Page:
Signal Word Size (D scale) Simple Descriptor
Small 1 Unlikely to bury a person
Large 2 Can bury a person
Very Large 3 Can destroy a house
Historic 4 & 5 Can destroy part or all of a village
More info at Avalanche.org

The colder temperatures and clearing skies this evening should help lock up the wet snowpack at lower elevations and decrease the likelihood of wet loose avalanches. However, it will probably take some time for the wet snow on the surface to gain strength and wet loose avalanche will still be possible on steep terrain features today. These can become destructive in larger terrain, so it is important to be aware of your surroundings if you see signs of wet loose avalanches. The typical signs are roller balls or pin wheels that are releasing naturally or triggered by a skier.

Melt water runnels and a naturally released pinwheel on a steep rollover near treeline on Tincan. 11.25.23

Additional Concern
  • Glide Avalanches
    Glide Avalanches
Glide Avalanches
Glide Avalanches are the release of the entire snow cover as a result of gliding over the ground. Glide avalanches can be composed of wet, moist, or almost entirely dry snow. They typically occur in very specific paths, where the slope is steep enough and the ground surface is relatively smooth. They are often proceeded by full depth cracks (glide cracks), though the time between the appearance of a crack and an avalanche can vary between seconds and months. Glide avalanches are unlikely to be triggered by a person, are nearly impossible to forecast, and thus pose a hazard that is extremely difficult to manage.
More info at Avalanche.org

Glide cracks have been opening up across the forecast area and many glide avalanches have released in the past few days. These can produce large and destructive avalanches, so we recommend avoiding spending time underneath glide cracks. With the limited visibility over the past few days it can be difficult to see whether there is a glide crack above you, so we recommend sticking to familiar routes and minimizing the amount of steep terrain overhead.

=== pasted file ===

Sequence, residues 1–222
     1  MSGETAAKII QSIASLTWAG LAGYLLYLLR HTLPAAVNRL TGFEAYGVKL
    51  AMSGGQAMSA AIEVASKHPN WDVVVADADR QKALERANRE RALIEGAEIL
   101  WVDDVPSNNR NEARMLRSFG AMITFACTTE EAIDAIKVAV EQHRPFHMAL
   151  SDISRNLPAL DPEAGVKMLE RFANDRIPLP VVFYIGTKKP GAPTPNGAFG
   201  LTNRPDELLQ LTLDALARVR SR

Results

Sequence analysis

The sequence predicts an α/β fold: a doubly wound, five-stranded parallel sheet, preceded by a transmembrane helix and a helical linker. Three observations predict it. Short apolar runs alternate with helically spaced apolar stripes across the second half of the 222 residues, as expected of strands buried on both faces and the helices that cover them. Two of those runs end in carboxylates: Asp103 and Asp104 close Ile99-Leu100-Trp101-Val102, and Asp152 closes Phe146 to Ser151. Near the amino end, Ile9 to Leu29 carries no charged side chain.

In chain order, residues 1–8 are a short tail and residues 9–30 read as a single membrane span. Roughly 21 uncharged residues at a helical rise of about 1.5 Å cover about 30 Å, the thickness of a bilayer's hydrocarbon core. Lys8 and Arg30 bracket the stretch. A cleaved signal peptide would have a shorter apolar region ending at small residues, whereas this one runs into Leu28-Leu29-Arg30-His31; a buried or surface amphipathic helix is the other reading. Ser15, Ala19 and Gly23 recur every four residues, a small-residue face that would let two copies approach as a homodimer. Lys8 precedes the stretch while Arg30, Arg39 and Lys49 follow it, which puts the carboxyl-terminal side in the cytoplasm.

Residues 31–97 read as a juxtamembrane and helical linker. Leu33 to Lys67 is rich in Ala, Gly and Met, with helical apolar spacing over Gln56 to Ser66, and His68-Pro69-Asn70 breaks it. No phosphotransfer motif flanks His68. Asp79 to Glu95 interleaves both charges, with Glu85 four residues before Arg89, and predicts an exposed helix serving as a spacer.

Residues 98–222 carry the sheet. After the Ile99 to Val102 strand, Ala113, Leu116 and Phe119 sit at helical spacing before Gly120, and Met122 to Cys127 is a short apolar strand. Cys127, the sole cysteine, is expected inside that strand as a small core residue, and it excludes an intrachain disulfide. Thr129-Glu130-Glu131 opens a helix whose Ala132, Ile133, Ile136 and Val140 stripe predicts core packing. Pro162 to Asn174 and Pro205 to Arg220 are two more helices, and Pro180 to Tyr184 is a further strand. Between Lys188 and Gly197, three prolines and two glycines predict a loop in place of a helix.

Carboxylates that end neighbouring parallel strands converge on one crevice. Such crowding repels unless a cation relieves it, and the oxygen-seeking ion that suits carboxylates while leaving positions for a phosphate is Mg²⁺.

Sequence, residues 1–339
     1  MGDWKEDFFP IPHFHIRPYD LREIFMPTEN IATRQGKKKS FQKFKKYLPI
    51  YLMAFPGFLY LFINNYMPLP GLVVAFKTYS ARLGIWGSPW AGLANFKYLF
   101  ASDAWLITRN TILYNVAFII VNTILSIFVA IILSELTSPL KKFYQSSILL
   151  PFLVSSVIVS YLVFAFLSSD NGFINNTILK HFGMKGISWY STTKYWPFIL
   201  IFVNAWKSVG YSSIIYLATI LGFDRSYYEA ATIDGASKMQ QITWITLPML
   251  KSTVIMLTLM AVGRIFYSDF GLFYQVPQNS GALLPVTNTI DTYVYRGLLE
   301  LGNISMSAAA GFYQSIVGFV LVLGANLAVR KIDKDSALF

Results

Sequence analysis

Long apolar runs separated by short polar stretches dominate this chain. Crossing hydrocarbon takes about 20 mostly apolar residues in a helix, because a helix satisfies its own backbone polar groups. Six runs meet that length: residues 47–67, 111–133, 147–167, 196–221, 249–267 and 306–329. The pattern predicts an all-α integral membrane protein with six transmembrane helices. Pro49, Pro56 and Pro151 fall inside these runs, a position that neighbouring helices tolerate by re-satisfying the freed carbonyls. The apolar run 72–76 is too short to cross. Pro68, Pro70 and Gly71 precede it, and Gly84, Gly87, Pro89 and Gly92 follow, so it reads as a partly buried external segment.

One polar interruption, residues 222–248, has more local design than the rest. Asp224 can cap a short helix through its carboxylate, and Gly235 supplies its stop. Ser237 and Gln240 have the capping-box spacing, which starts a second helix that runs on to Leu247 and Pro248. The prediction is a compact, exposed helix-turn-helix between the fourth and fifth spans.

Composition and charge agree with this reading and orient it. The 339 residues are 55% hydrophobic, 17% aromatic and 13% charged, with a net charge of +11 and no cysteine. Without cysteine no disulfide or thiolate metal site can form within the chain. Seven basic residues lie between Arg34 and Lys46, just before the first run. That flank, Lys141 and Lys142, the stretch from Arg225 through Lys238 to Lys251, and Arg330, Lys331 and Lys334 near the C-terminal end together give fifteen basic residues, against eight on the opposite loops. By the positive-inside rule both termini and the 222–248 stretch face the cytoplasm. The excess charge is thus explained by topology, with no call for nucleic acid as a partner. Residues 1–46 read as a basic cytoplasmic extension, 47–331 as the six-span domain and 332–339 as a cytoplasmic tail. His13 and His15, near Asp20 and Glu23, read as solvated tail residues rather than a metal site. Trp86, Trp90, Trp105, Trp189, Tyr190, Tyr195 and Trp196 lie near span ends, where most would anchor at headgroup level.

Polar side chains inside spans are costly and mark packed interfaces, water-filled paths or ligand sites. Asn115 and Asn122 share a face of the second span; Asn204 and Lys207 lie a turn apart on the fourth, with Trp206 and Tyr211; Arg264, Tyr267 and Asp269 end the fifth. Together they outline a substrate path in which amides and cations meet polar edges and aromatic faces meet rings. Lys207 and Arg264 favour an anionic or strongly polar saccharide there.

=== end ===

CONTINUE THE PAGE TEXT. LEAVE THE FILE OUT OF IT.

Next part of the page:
Weather
Mon, November 27th, 2023

Yesterday: Another day of warm temperatures across the forecast area, averaging in the high 30s F at sea level, around 32 F around 1500′, and 25 F at ridgetop elevations around 3500′. Girdwood and Portage again saw much more precipitation with 0.8″ of water and 2.0″ of water respectively. Turnagain and Summit Lake only received 0.2″ of water yesterday. Rain line was approximately 2000′. Wind speeds averaging 10-20 mph with gusts to 35 mph yesteray morning, then calmed down in the afternoon with averages around 10 mph and gusts of 15-20 mph. Overnight winds picked back up again with averages of 20-30 mph and gusts to 50 mph from 10pm onwards.

Today: Temperatures are expected to drop today as a colder air mass moves into our area. Rain line should move down to sea level as we see a roughly 10 degree drop in temperatures throughout the day today. Precipitation should also taper off this morning with snow showers expected for most of the day amounting to 0.1-0.3″ of water expected during the daylight hours today. We should see moderate to strong SW winds today with averages of 20-35 mph and gusts up to 50 mph throughout the day. Winds speeds will shift to the south and decrease slightly this evening as another storm system enters the area. Cloud cover should decrease throughout the day with a brief period of clearing skies this evening.

Tomorrow: Another storm system should move into the area Tuesday morning with temperatures increasing again, but rain line is expected to remain below 1000′ for the duration of this next storm system. We expect another 0.5-1.0″ of water from Tuesday morning through Wednesday morning in our forecast area. SW winds will increase on Tuesday afternoon and evening averaging 30-45 mph and gusting 60+mph.

PRECIPITATION 24-hour data (6am – 6am)

Temp Avg (F) Snow (in) Water (in) Snow Depth (in)
Center Ridge (1880′) 32 0 0.2 28
Summit Lake (1400′) 32 1 0.2 16
Alyeska Mid (1700′) 33 0 0.8 21
Bear Valley – Portage (132′) 38 0 2.0

RIDGETOP 24-hour data (6am – 6am)

Temp Avg (F) Wind Dir Wind Avg (mph) Wind Gust (mph)
Sunburst (3812′) 26 ENE 16 51
Seattle Ridge (2400′) 29 SE 8 26
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This is a general backcountry avalanche advisory issued for Turnagain Arm with Turnagain Pass as the core advisory area. This advisory does not apply to highways, railroads or operating ski areas.